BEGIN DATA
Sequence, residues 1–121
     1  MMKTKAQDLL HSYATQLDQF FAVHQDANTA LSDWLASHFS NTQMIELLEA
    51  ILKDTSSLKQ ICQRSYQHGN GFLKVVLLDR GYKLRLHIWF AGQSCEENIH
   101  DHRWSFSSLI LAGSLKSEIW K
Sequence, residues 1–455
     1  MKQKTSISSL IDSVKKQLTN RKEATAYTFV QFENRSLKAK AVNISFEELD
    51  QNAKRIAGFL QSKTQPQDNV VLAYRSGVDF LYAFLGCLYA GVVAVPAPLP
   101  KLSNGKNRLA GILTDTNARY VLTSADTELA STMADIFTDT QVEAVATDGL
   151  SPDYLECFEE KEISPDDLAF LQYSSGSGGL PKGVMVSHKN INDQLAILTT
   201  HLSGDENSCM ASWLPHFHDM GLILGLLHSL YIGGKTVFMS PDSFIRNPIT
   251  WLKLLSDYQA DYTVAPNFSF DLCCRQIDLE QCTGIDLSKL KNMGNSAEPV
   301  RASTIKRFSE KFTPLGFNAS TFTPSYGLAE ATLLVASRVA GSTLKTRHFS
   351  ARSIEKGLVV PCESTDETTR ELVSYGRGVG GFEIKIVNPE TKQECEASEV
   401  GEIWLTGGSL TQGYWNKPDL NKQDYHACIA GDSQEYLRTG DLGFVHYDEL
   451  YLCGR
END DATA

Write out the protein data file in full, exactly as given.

Sequence, residues 1–121
     1  MMKTKAQDLL HSYATQLDQF FAVHQDANTA LSDWLASHFS NTQMIELLEA
    51  ILKDTSSLKQ ICQRSYQHGN GFLKVVLLDR GYKLRLHIWF AGQSCEENIH
   101  DHRWSFSSLI LAGSLKSEIW K
Sequence, residues 1–455
     1  MKQKTSISSL IDSVKKQLTN RKEATAYTFV QFENRSLKAK AVNISFEELD
    51  QNAKRIAGFL QSKTQPQDNV VLAYRSGVDF LYAFLGCLYA GVVAVPAPLP
   101  KLSNGKNRLA GILTDTNARY VLTSADTELA STMADIFTDT QVEAVATDGL
   151  SPDYLECFEE KEISPDDLAF LQYSSGSGGL PKGVMVSHKN INDQLAILTT
   201  HLSGDENSCM ASWLPHFHDM GLILGLLHSL YIGGKTVFMS PDSFIRNPIT
   251  WLKLLSDYQA DYTVAPNFSF DLCCRQIDLE QCTGIDLSKL KNMGNSAEPV
   301  RASTIKRFSE KFTPLGFNAS TFTPSYGLAE ATLLVASRVA GSTLKTRHFS
   351  ARSIEKGLVV PCESTDETTR ELVSYGRGVG GFEIKIVNPE TKQECEASEV
   401  GEIWLTGGSL TQGYWNKPDL NKQDYHACIA GDSQEYLRTG DLGFVHYDEL
   451  YLCGR